A comparison of herdmate, iterative, and mixed model sire summaries for type in Holstein cattle

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Virginia Polytechnic Institute and State University


Herdmate comparison used currently by Holstein-Friesian Association of America to calculate predicted difference type was compared to two iterative procedures, adjusting for average PDT of herdmates' sires and average cow index of herdmates respectively, and a mixed model method. PDTs were calculated using the different methods for 6816 bulls with ten or more daughters. Mean PDT for the herdmate comparison was -.18 while means for the two respective iterative procedures were -.24 and -.19. Mixed model proofs sum to zero. Adjustments for average PDT of herdmates' sires increased variance of proofs compared to the other systems. Mixed model PDTs were least variable.

Correlations between herdmate average and two measures of genetic merit of herdmates, average PDT of herdmates' sires and average cow index of herdmates, were .48 and .45. Positive regression coefficients of final score and herdmate average on two measures of genetic merit of herdmates also indicated a positive association between herd average and level of competition.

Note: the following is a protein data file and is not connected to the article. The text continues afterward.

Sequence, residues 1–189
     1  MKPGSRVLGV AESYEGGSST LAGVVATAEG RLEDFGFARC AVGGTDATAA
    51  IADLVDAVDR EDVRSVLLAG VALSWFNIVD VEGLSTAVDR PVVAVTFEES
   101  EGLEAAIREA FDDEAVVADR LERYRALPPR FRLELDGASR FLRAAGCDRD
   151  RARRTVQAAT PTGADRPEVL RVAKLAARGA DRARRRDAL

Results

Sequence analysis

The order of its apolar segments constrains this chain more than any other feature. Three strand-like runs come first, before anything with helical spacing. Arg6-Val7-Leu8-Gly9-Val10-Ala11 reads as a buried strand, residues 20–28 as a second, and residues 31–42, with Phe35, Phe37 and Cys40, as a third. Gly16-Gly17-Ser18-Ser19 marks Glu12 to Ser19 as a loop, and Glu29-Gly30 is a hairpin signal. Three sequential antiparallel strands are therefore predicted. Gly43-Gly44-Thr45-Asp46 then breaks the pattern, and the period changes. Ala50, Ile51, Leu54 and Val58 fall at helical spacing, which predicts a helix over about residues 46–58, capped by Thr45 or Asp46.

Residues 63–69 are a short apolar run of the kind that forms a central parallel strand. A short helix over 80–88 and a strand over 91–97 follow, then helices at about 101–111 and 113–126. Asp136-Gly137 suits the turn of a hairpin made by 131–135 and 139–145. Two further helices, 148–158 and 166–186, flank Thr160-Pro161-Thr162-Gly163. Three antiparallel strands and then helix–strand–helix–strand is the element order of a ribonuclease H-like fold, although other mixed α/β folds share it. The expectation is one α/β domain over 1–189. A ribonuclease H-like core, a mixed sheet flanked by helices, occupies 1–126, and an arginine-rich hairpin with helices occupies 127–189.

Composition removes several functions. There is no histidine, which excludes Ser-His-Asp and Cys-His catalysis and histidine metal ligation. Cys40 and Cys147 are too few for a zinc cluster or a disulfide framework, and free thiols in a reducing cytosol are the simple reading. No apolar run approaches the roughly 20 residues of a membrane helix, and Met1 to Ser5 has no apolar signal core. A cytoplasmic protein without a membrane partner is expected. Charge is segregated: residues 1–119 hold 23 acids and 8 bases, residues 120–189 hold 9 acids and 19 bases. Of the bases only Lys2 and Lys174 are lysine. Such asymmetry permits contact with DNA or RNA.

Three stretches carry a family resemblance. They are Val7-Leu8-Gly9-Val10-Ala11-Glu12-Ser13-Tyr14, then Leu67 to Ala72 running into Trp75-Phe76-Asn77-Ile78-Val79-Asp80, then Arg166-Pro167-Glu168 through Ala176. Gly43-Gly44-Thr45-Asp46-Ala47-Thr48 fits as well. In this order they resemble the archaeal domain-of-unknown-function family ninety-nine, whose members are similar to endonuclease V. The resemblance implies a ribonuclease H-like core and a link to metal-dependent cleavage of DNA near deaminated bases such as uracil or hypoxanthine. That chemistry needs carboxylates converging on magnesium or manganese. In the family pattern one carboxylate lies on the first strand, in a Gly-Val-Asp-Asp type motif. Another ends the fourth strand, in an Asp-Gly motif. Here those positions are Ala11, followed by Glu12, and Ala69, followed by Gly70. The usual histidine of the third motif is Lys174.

The effects of failure to account for genetic merit of herdmates under present system was examined. Progeny were divided into low, middle, and high herdmate average groups and ·summaries were calculated for 778 sires with at least 20 daughters in each of three groups. Mean PDTs calculated by the herdmate comparison were .12, -.28, and -.45 for the low, middle, and high groups respectively. Eighty-three percent of the low herdmate comparison PDTs exceeded summaries in high group and 70% of low group evaluations were greater than respective middle group PDTs indicating biases in present sire summaries due to failure to account for genetic level of competition. Adjustment for average PDT of herdmates' sires and average cow index of herdmates reduced the advantage of PDTs calculated in low levels. The mixed model method appeared to be most effective in reducing biases in favor of bulls proven in below average herds. Summaries in low group were consistently higher than PDTs calculated in the other levels due to inability to completely remove differences in selection intensities among herds. PDTs calculated in high group were consistently less variable than those calculated in low herd levels. Means of final score, average PDT of herdmates' sires, and average cow index of herdmates were larger and less variable than corresponding means in low group demonstrating increased selection for type in high scoring herds. Accuracy in sire evaluation for type will be improved by adjusting for genetic merit of herdmates, however bulls proven primarily in low scoring herds will continue to be favored slightly.